Although Pope Benedict XVI explained — as have other Popes and many saints in the Catholic Church — that “homosexuality is incompatible with the priestly vocation,” a 300-member Franciscan order in Germany recently elected an open homosexual as its new leader.
Brother Markus Fuhrmann publicly announced in May that he was a homosexual; his fellow Franciscans elected him as provincial superior in mid-June. Fuhrmann reportedly lives a celibate life as a Franciscan. He was ordained a priest in 2005.
In a June 10 interview with MK-Online, Fuhrmann explained why he publicly declared himself homosexual. “I would also like to be able to make it clear who I am and what I stand for,” he said. “If I’m gay myself, then I want to show that I can also be part of the church in this ministry.”
“I would like to promote seeing this as an opportunity, that we as a church are colorful, that the church is (also) queer, that this is what God wants, that this corresponds to the diversity of creation and is therefore quite normal,” he added.
In the interview, Fuhrmann made it clear that he opposes some of the basic teachings of the Catholic Church. “I am in favor of a critical rethinking of celibacy in the priestly way of life and I am in favor of women having access to ordained ministries,” he said.
The Church has made it clear, countless times, that it does not have the authority to ordain women as priests. As the Catechism of the Catholic Church teaches, “‘Only a baptized man (vir) validly receives sacred ordination.’ The Lord Jesus chose men (viri) to form the college of the twelve apostles, and the apostles did the same when they chose collaborators to succeed them in their ministry. … The Church recognizes herself to be bound by this choice made by the Lord himself. For this reason the ordination of women is not possible.”
Also, in his letter of May 22, 1994, then-Pope John Paul II wrote, “Wherefore, in order that all doubt may be removed regarding a matter of great importance, a matter which pertains to the Church’s divine constitution itself, in virtue of my ministry of confirming the brethren (cf. Lk 22:32), I declare that the Church has no authority whatsoever to confer priestly ordination on women and that this judgment is to be definitively held by all the Church’s faithful.”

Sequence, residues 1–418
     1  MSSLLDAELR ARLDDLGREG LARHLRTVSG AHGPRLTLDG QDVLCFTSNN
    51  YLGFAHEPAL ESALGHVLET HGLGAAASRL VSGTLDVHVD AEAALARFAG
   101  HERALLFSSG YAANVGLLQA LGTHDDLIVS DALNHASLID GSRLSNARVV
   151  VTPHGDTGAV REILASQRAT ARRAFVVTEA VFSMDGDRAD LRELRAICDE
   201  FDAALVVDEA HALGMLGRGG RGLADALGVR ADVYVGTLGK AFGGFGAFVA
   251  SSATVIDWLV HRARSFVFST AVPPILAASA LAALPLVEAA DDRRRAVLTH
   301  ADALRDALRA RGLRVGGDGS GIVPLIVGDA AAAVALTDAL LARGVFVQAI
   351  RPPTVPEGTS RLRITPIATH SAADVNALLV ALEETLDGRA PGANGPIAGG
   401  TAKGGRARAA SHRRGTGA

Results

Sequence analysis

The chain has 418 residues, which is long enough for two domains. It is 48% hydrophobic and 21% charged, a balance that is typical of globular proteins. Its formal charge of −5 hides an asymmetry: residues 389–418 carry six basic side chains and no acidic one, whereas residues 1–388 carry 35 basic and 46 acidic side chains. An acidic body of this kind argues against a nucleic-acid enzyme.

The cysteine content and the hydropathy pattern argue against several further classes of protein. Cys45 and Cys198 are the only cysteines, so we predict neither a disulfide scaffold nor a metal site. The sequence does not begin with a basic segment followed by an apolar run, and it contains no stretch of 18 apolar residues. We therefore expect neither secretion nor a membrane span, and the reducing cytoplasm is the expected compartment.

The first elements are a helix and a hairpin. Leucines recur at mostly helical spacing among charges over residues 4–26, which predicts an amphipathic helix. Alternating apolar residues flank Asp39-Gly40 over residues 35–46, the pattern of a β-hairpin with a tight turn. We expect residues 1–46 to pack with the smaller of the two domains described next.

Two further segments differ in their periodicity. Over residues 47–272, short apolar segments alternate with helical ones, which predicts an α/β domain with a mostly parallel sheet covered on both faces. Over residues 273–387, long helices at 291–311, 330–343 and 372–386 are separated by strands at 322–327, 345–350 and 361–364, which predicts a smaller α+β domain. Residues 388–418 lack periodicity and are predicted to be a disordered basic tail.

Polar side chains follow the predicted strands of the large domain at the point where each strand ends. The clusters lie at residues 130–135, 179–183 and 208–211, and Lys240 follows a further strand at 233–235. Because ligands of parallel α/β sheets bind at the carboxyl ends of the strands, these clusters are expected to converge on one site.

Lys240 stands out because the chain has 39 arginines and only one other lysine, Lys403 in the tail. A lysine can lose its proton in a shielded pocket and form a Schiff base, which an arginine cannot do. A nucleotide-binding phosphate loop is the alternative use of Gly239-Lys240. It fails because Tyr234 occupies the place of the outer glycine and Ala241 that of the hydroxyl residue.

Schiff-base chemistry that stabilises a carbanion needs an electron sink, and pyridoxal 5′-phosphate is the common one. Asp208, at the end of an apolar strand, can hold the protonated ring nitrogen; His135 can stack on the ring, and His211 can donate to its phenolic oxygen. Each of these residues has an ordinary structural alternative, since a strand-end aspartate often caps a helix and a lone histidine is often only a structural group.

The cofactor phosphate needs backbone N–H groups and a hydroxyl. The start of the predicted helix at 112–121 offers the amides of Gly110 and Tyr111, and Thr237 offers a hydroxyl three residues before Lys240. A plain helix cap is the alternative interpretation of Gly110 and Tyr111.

As for being a homosexual in the Catholic priesthood or religious life, Pope Benedict XVI in his book Light of the World, said, “Homosexuality is incompatible with the priestly vocation. Otherwise, celibacy itself would lose its meaning as a renunciation. It would be extremely dangerous if celibacy became a sort of pretext for bringing people into the priesthood who don’t want to get married anyway. For, in the end, their attitude toward man or woman is somehow distorted, off-center, and, in any case, is not within the direction of creation of which we have spoken.”
“The Congregation for Education issued a decision a few years ago to the effect that homosexual candidates cannot become priests because their sexual orientation estranges them from the proper sense of paternity, from the intrinsic nature of priestly being,” said the now-retired Pope.
“The selection of candidates to the priesthood must therefore be very careful,” he added. “The greatest attention is needed here in order to prevent the intrusion of this kind of ambiguity and to head off a situation where the celibacy of priests would practically end up being identified with the tendency to homosexuality.”
In a Feb. 2, 1961 letter on the “Careful Selection and Training of Candidates for the States of Perfection and Sacred Orders,” Pope John XXIII wrote, “Advancement to religious vows and ordination should be barred to those who are afflicted with evil tendencies to homosexuality or pederasty, since for them the common life and the priestly ministry would constitute serious dangers.”
In addition to Fuhrmann and his fellow Franciscans, many German bishops and priests openly support homosexuality and the LGBT agenda.
On Jan. 24, 2022, the German Bishops Conference issued a statement praising the LGBT #Outin Church campaign. Bishop Helmut Dieser of Aachen, Germany, said he welcomed “the LGBT campaign on behalf of the German Bishops’ Conference as a sign that we are working so that this climate of fearlessness can and must develop in our Church.”
In a separate interview that day, Dieser accused the church of “ criminaliz[ing]” homosexuals, and suggesting that a disordered homosexual orientation is a “gift from God,” reported LifeSiteNews. “Now we say: Sexual orientation is a gift from God. It is not to be questioned, but it must be led into the discipleship of God.”
As reported by The Washington Post, Bishop Franz-Josef Bode of Osnabruck also expressed support for changing 2,000 years of church teaching, saying, “Do we want to be a closed church or one that embraces life and culture?”
“The German bishops continue to move toward schism from the universal Church,” Archbishop Samuel Aquila of Denver stated on Twitter.
Also, Cardinal Raymond Burke, an American, said of the pro-LGBT German bishops, ““To hold what they are saying is heretical. They’re leading people into heresy, to their great harm.”
The Pope “must challenge these bishops and ask them to renounce the heresies and even the positions that run counter to Church discipline,” said Burke. “And if they do not renounce their errors and correct themselves, then he would have to remove them from office. This is the situation at which we have arrived.”
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